Sexting scandals

Main article: Anthony Weiner sexting scandals

On May 27, 2011, Weiner sent a link to a sexually suggestive photograph of himself via his public Twitter account[41][42] to an adult woman who was following him on Twitter.[43] After several days of denying he had posted the image,[44][45][46][47] Weiner held a press conference at which he admitted he had "exchanged messages and photos of an explicit nature with about six women over the last three years". He apologized for his earlier denials.[48][49][50] After an explicit photo was leaked through the Twitter account of a listener of the The Opie & Anthony Show,[51] Weiner announced on June 16, 2011, that he would resign from Congress,[52][53][54][55] and he formally resigned on June 21.[56] In the special election held on September 13, 2011, to replace him, Republican businessman Bob Turner[57] defeated Democrat David Weprin to fill Weiner's seat.[58]

A second scandal began on July 23, 2013, several months after Weiner returned to politics in the New York City mayoral race.[59] Explicit photos were allegedly sent under the alias 'Carlos Danger' to a 22-year-old woman with whom Weiner had contact as late as April 2013, more than a year after Weiner had left Congress.[59]

New York mayoral elections

Weiner sought the Democratic nomination to run for New York City mayor in 2005, vying against three other candidates. He had a three-part pitch to voters that included criticizing sitting Mayor Michael Bloomberg for his top-down style of management and promising a more democratic approach; against "passivity in City Hall" and for getting more federal money for the city; and a series of ideas on how to get the city to work better.[1] He presented a book of 50 "Real Solutions" and among his policy proposals were fixes for the health care and educational systems.[1] One idea already in play was a neighborhood scrubbing-up program he dubbed "Weiners Cleaners".[1] Weiner started out last in many polls,[1] but gained ground in the final weeks of the campaign, coming in second. Initial election returns had Fernando Ferrer with 39.95% of the vote, just shy of the 40% required to avoid a runoff against Weiner who had 28.82%, but Weiner conceded, citing the need for party unity and denying rumors that various high-ranking New York Democrats, such as Senator Chuck Schumer and then-New York Attorney General Eliot Spitzer, had urged him to concede. Ultimately, absentee ballots put Ferrer over the 40% mark in the official primary election returns.

Weiner appeared to be a candidate for mayor again in 2009.[60] However, in May 2009, after the New York City Council voted to extend term limits for Mayor Bloomberg, Weiner announced his decision not to run against the popular incumbent.[61] By July 2010, Weiner had raised $3.9 million for a potential campaign in the 2013 mayoral election, and was considered a leading contender in early polls.[62] According to the NYC Campaign Finance Board website, as of the March 2013 filing deadline Weiner had raised over $5.1 million, the second most of all registered mayoral candidates, behind only Christine Quinn.[63]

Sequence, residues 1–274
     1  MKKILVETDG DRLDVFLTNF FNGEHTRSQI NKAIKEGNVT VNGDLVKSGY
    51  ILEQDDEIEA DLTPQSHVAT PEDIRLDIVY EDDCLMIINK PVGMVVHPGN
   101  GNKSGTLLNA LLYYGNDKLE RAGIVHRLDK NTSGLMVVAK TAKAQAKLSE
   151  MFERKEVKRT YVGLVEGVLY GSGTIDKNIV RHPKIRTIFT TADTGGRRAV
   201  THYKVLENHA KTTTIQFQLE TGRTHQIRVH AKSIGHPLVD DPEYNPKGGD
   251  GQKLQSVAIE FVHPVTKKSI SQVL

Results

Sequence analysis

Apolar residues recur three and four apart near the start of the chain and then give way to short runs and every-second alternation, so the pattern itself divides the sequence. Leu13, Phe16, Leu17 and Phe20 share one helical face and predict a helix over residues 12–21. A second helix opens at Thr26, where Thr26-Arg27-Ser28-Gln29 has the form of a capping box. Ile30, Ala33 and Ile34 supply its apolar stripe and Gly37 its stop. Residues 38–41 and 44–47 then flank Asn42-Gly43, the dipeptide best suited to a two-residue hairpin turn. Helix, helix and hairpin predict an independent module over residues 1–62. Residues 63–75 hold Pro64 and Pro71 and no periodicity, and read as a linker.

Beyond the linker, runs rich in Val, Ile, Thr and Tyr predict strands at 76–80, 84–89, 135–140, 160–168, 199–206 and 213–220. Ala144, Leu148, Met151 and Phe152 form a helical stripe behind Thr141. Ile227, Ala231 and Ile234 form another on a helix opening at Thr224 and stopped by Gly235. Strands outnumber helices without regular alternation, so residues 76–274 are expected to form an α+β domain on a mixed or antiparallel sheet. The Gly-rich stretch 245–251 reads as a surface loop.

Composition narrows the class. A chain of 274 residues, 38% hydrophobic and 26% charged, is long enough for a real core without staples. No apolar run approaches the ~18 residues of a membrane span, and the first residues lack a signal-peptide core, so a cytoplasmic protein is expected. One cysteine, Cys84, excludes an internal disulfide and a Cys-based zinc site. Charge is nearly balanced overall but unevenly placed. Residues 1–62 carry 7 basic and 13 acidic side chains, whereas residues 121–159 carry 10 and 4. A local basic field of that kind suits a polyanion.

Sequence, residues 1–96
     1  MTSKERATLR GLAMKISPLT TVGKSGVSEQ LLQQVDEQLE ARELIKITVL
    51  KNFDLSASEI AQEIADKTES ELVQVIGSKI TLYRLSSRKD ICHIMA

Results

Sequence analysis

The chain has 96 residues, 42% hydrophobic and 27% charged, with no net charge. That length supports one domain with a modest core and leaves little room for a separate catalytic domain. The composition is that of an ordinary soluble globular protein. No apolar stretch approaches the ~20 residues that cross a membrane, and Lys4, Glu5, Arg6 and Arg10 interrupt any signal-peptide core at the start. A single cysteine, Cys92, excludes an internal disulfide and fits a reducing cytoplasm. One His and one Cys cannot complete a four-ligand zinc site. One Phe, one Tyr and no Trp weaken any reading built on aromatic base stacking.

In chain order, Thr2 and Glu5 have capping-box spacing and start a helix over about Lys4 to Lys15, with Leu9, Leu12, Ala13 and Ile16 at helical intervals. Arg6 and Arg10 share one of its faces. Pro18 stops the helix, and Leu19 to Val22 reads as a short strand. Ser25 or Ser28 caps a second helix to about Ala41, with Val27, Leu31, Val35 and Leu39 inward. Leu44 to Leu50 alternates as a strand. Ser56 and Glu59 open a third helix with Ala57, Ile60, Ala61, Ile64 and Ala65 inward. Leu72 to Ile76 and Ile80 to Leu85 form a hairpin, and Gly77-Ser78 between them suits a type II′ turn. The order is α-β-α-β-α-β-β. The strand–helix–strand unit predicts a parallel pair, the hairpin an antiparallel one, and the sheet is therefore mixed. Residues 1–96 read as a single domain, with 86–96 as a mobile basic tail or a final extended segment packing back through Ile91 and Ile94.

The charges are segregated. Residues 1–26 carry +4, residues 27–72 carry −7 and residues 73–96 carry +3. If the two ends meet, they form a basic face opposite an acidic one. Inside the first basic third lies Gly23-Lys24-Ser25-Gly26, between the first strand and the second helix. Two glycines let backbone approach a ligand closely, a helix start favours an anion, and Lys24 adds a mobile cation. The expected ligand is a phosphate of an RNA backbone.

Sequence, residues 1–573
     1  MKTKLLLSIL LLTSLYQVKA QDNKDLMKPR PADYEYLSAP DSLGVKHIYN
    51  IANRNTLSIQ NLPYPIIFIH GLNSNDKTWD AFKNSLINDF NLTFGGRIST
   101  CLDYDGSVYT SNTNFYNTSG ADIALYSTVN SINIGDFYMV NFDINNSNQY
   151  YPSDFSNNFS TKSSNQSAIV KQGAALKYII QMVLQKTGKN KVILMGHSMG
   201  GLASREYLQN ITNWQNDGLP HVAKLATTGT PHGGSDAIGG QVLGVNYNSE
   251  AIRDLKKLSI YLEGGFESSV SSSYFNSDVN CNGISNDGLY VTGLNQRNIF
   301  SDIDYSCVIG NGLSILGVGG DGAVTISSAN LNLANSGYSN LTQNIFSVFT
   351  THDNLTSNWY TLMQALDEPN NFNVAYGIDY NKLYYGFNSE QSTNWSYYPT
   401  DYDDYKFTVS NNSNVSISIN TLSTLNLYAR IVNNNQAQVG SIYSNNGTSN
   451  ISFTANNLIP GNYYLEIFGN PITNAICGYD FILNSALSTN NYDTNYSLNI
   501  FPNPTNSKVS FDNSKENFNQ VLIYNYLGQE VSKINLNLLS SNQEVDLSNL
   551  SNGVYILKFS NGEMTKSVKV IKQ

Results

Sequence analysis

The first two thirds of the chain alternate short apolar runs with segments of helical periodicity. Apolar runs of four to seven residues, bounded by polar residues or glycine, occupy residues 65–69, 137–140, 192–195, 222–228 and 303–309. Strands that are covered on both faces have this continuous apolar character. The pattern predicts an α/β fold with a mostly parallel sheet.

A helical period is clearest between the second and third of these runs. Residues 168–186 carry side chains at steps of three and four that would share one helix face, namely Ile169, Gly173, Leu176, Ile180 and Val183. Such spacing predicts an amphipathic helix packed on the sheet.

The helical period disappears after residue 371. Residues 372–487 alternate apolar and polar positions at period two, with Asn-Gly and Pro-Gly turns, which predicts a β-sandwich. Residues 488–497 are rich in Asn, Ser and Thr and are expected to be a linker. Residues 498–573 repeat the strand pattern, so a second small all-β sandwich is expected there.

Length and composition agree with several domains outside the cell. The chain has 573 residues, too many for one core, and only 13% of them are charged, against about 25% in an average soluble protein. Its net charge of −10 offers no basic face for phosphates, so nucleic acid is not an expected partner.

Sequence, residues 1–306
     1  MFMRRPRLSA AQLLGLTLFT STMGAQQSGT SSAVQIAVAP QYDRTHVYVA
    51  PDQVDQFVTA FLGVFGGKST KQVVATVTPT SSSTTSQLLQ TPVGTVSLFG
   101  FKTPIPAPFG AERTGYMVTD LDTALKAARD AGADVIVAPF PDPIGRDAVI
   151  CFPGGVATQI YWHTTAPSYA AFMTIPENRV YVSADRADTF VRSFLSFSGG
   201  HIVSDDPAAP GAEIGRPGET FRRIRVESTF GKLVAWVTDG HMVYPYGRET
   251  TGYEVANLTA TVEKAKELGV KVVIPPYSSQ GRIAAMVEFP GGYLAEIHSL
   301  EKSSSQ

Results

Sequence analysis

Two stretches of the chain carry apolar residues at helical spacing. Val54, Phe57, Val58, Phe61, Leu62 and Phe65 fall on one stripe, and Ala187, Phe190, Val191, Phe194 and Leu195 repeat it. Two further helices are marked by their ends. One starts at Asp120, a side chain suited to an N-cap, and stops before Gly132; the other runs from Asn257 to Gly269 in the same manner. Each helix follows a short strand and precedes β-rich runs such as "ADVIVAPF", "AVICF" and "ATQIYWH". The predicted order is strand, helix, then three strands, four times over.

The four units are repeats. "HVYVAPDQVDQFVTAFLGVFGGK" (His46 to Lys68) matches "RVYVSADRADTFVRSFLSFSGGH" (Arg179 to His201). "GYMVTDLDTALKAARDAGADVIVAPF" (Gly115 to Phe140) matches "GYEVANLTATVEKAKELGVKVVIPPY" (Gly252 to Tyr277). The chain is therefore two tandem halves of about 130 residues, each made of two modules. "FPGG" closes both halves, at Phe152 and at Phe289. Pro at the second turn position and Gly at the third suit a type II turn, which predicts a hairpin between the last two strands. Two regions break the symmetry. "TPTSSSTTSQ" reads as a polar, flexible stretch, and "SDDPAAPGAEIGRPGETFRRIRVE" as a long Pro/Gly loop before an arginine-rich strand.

In an interview with The New York Times Magazine published online on April 10, 2013, Weiner said he would like to "ask people to give me a second chance"[64] and was considering a run for mayor. He added that, "it's now or maybe never for me."[64] In an interview on April 11, Rep. Keith Ellison endorsed Weiner, saying that he would love to see him become mayor of New York.[65] Weiner announced his intent to seek candidacy on a YouTube video on May 21, 2013.[66]

Weiner's platform for candidacy is summarized in "Keys to the City: 64 Ideas to Keep New York City the Capital of the Middle Class."[67] This twenty-page tenet, published June 2013, outlines refinements and overhauls to New York City's approach to Education, Hunger, Transportation, Small Business, City vs State politics, Health Care, Safety and Crime Prevention, Reform and Transparency, Housing, Environment, Job Creation and Job Retention, Tax Reform.

On July 23, 2013, following allegations that Weiner (using the alias "Carlos Danger") had continued sexting after his resignation from Congress, he acknowledged that he had continued to send explicit messages to at least three women in 2012. One recipient of his messages stated that Weiner described himself to her as “an argumentative, perpetually horny middle-aged man”.[68] Following this admission, there were calls for Weiner to drop out of the mayoral race; however, Weiner held a press conference with his wife, Huma Abedin, in which he announced that he would continue his campaign.[69][70][71][72] At the press conference, Weiner said, "I said that other texts and photos were likely to come out and today they have... I want to again say that I am very sorry to anyone who was on the receiving end of these messages and the disruption this has caused.”[69]

On July 27, 2013, Danny Kedem, Weiner's campaign chief, announced his resignation.[73] On September 10, 2013 Weiner lost the mayoral primary with less than 5% of the vote.[74] When asked by reporters what he would do next, Weiner gave them the middle finger.[75]

Personal life

Weiner became engaged to Huma Abedin, a longtime personal aide of Hillary Clinton, in May 2009; they married in July 2010 in an interfaith ceremony with former President Bill Clinton officiating.[76][77] In December 2011, Abedin gave birth to the couple's first child.[78] Weiner began a longterm friendship with comedian Jon Stewart when the two lived in the same summer house in Dewey Beach, Delaware in 1987.[5][79] [3][80]

See also


External links

  • Anthony Weiner official campaign site
  • Anthony Weiner on YouTube
  • Biographical Directory of the United States Congress
  • GovTrack
  • Federal Election Commission
  • On the Issues
  • The Washington Post
  • C-SPAN programs
  • Internet Movie Database
  • The New York Times
  • Moment Magazine, May/June 2011
  • New York Post), June 6, 2011
Political offices
Preceded by
New district
New York City Council, 48th District
Succeeded by
Michael Chaim Nelson
Preceded by
Charles Schumer
Member of the U.S. House of Representatives
from New York's 9th congressional district

Succeeded by
Bob Turner